Over a dozen cement factories and illegal constructions have wreaked havoc in around 300 villages within and outside Pampore where Kashmir’s prized saffron is cultivated. Fields that earned the Valley handsome revenue, and an enviable reputation, are fast shrinking due to a variety of reasons. Growers cite massive road-widening and a number of cement factories that have come up in the area. Saffron-producing land has also been eaten away by construction carried out in contravention of regulations.
From 5,707 hectares in 1997, saffron farms have shrunk alarmingly a mere 3,010 hectares. And annual production has come down from 16 metric tons to a mere six.
By weight, Kashmir saffron is the world’s most expensive, selling for anywhere between Rs 2.5 lakh to Rs 3 lakh a kilogram. Experts at SKUAST believe that cement dust and lack of irrigation facilities have caused extensive damage to the cultivation. Though dry weather too has had an adverse role, growers say the major part of the blame lies with authorities. By their own estimates, yield per kanal of land has dropped from 15 or 20 kg to just ten last year. The fall was registered across the saffron belt and not only in a particular area.
A grower with six kanals in the Pampore karewa picked only six kilograms last year, harvesting only 75 percent of the yield the previous season. Similar results were seen in the Chandhara karewa. Curiously, production in areas under the National Saffron Mission was slightly better as compared to areas observing traditional methods of cultivation.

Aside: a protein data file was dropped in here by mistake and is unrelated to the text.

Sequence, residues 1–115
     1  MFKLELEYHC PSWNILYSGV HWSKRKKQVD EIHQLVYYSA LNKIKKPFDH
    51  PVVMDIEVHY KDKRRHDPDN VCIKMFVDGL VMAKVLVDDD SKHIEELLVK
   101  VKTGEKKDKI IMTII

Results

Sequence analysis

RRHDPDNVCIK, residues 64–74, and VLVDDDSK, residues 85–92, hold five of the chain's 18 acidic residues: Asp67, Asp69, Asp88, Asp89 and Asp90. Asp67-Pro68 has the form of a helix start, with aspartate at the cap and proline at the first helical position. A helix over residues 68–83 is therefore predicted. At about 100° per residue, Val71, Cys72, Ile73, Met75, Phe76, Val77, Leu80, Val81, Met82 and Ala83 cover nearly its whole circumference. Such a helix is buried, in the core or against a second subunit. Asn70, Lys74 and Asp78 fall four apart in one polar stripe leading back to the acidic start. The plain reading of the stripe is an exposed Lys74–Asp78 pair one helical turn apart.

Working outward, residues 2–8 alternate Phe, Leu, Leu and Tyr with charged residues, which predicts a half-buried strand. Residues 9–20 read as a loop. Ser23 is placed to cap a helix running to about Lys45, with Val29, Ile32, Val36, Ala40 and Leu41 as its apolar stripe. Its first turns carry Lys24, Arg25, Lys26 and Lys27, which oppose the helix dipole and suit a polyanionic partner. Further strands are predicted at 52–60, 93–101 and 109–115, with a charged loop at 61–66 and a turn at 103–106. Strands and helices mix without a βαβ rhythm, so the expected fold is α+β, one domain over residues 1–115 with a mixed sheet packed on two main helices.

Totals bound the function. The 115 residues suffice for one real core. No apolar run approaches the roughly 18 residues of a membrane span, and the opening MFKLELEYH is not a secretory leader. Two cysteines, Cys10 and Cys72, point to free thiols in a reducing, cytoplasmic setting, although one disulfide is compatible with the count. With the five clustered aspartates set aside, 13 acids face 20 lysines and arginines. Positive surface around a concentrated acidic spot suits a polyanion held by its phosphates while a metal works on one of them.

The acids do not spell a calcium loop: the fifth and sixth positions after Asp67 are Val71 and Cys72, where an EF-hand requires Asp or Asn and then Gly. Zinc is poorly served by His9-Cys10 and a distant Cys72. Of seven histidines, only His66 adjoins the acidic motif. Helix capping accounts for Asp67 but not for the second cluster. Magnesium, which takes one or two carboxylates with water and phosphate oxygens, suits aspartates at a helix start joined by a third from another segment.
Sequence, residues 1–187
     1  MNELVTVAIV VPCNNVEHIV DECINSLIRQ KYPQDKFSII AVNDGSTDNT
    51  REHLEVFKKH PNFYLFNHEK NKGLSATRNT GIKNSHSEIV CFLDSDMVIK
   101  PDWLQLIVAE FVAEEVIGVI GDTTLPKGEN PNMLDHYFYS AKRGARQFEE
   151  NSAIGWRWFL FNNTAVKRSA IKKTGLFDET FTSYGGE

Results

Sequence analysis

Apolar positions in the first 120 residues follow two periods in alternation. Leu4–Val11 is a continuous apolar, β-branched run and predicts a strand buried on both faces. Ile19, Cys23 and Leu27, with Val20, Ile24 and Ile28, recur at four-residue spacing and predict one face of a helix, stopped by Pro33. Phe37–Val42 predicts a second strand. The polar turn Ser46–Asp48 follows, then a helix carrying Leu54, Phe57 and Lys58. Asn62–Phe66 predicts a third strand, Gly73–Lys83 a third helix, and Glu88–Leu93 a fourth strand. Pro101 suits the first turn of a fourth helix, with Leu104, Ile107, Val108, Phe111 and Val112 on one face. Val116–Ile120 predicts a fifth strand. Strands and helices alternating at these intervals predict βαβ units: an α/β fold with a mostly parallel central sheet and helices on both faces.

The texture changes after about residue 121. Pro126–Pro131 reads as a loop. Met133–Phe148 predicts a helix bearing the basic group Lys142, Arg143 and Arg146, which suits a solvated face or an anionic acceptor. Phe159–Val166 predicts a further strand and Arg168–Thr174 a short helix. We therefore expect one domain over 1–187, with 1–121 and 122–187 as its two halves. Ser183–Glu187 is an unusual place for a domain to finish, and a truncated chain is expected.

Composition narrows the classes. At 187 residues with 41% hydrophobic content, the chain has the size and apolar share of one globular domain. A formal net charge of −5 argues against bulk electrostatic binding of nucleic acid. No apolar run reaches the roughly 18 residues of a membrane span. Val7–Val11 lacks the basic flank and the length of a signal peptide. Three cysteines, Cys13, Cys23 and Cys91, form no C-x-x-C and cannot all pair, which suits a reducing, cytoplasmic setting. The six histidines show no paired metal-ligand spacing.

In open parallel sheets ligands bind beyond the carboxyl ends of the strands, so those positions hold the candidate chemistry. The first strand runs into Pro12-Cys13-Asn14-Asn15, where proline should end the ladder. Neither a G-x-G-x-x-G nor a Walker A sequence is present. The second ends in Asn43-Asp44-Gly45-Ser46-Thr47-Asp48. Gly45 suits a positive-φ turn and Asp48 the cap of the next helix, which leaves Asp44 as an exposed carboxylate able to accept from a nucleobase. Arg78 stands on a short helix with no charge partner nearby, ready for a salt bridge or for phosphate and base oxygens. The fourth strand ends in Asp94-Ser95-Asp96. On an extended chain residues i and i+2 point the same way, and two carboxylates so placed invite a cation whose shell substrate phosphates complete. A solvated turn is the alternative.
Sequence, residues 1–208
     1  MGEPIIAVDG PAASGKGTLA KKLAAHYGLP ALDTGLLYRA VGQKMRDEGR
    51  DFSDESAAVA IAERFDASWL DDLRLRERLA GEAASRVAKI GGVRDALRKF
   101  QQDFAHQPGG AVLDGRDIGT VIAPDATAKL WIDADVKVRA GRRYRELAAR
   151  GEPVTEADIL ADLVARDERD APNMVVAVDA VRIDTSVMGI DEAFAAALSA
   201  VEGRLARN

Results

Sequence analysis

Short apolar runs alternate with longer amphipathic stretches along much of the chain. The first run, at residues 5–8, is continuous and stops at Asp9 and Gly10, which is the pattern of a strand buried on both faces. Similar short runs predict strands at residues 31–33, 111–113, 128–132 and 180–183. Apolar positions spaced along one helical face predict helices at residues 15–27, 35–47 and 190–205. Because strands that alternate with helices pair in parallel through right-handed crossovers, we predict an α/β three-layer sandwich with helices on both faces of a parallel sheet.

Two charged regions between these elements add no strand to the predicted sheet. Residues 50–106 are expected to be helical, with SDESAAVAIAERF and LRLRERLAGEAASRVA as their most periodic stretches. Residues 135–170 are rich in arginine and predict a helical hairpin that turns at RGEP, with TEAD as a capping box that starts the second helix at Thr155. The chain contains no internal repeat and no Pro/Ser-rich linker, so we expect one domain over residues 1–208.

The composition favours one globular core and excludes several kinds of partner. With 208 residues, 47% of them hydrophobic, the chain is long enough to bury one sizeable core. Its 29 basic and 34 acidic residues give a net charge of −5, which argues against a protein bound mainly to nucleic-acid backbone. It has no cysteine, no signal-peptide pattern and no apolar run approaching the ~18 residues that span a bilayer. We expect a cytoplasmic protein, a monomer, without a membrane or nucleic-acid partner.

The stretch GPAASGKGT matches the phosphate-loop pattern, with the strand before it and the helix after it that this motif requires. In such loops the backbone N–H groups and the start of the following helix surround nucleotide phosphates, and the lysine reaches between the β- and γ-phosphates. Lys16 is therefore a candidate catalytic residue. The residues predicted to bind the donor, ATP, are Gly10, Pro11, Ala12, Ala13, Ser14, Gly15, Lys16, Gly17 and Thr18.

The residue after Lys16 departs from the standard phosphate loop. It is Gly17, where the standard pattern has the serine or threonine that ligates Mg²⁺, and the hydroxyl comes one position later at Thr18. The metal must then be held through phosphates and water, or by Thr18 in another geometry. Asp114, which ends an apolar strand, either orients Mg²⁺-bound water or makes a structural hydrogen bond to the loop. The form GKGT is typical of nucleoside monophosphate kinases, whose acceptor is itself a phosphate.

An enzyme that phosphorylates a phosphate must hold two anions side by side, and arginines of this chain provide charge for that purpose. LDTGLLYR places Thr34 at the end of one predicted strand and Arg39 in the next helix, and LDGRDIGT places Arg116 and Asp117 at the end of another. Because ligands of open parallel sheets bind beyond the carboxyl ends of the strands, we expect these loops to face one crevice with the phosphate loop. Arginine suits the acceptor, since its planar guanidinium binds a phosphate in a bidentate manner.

The `golden crop’ provides livelihoods to thousands of people directly and indirectly. Authorities and experts, therefore, have to intervene with knowhow and quality seeds to improve production. Growers too will have to abandon primitive modes of cultivation and adapt themselves to improvements under proven scientific methodology, particularly when areas under the National Saffron Mission have shown better results.
Growers have been observed to be reluctant to give up their old ways and adopt modern techniques, little realizing the magnitude of the loss to their trade and to the state. Experts suggest proper irrigation in September which is a crucial period for the crop. But besides technical inputs, the government must take urgent steps with regard to hazardous dust rising from cement factories that have been allowed to be set up in this sensitive zone without sufficient forethought. Saffron happens to be one of the last Kashmiri specialties still surviving – if only by a thread. This thread must not be allowed to snap.